Eat. Sleep. Shop (In Jodhpur)

Clichéd ‘exotic’ India postcards

I know of a lot of people who don’t like going back to a place they have been to before. Not me. This was my third trip to Jodhpur in as many years. My relationship with the city has progressed beyond the hyper-tourist mode of I-have-to-see everything, to a relaxed easy familiarity. I now know my way around the city, yet manage to discover something new hidden around every other corner, like the baoli (a stepwell) my friends stumbled upon or a 140-year-old tobacco shop I found tucked away in the recesses of the walled city.

After being obsessed for years, I finally saw my first baoli.
At this 100-plus-year-old dry fruit shop, every variety has a politician’s face on it. The owner told me eating that particular cashew or pistachio would make as smart as Indira Gandhi or Dr Rajendra Prasad.

Here are my quick tips for the Blue City.


Did the American chain get inspired by this Desi Hooters?

Every time, I ask for food recommendations for Jodhpur, the one name that pops up is Janta Sweet House. Whether it’s for their crunchy sweet jalebis, pyaaz kachoris or mirchi vadas, Janta has been a must visit for me. I always get a couple of kachoris packed to bring back with me.

Yummiest and crispest jalebis in all of Jodhpur.

The discovery of this trip for me was Raas. Their rooftop serves some great cocktails and their dahi kebabs are particularly good. The best ker sangari I had ever was at Jhankar Choti Haveli, near the Clock Tower. At the risk of sounding like a Masterchef, it was flavorful without being spicy or oily. Nom nom.

On The Rocks is a nice spot for a beer and meal. I remember their laal maas as being quite spectacular. I had some yum pancakes and coffee at Café Sheesh Mahal and the breakfast at Pal Bhavan’s rooftop is also VFM.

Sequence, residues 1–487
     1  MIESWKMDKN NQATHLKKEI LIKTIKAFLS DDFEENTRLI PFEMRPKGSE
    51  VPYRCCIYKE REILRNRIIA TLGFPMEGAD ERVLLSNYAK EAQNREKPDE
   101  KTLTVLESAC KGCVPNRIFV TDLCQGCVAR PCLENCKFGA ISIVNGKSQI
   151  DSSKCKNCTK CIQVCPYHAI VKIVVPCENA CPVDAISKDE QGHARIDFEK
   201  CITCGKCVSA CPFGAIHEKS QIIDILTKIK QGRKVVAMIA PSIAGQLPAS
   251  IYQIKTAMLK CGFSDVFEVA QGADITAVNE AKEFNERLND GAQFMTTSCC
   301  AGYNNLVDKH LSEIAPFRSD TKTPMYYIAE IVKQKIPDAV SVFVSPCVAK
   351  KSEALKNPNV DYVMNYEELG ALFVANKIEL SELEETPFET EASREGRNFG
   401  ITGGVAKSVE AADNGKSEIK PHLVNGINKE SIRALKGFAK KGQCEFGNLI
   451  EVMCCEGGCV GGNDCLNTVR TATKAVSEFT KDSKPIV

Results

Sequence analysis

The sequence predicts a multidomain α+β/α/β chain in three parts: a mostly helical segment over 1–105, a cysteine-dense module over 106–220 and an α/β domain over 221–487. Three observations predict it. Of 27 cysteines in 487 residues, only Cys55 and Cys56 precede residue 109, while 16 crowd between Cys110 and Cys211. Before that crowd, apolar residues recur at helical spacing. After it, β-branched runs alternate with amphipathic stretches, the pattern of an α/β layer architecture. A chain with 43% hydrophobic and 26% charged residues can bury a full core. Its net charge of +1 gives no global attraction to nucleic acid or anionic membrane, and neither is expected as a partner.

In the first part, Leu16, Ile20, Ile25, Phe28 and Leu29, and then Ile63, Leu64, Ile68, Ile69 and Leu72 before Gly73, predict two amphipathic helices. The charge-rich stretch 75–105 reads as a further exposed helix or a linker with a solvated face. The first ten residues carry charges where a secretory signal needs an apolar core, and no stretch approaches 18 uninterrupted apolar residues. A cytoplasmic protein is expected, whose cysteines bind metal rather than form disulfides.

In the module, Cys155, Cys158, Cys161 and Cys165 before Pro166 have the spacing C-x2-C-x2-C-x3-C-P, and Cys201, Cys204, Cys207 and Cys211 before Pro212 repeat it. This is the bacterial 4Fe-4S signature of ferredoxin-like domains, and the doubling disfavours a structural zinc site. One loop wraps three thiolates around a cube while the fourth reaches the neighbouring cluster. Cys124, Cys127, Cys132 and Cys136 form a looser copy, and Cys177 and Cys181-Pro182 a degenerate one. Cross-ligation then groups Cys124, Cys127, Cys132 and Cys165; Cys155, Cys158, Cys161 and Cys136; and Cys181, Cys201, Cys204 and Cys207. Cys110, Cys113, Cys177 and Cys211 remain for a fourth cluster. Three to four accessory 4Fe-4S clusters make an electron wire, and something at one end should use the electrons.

I can’t recommend homestays enough. If you can afford it, there is always the very posh homestay at Umaid Bhavan Palace. Technically, it is a homestay if the family (in this case the erstwhile Maharaja of Jodhpur) who owns the property lives there, right? So, if you can afford the price tag, this is the place to stay in Jodhpur.

Inside The (very) Blue House

If you are looking for a budget option, live in the Walled City. I have stayed at two ancient havelis – Juna Mahal at Ada Bazaar and The Blue House Guest House off Moti Chowk. The rooms are all different sizes, air-conditioners might leak and your room could have really strange blue and red mood lighting but I promise you, you’ll love your stay. The owners are very friendly and think nothing of waking up in the dead of the night to open the gate for you, or scoring passes for a polo match.



Glass bangles around the Clock Towers, kitschy souvenirs on Nai Sadak or diamond jewelry at Amarpali, there’s something for everyone in Jodhpur. I also end up buying something from the Mehrangarh Museum Shop every single trip. They have some well-priced, quirky and usable trinkets and souvenirs. There’s a row of shops outside Over The Top, including a Fab India, Anokhi and Amrapali. I know that all of these have stores across the country, but their Jodhpur shops tend to have some different items on offer. Both Hot Pink (at Raas) and Via Jodhpur (near Raas) are pricey but have interesting designs that are worth a look.

Stoles at Hot Pink

Do you have any other recommendations for Jodhpur? I’d love to hear from you.


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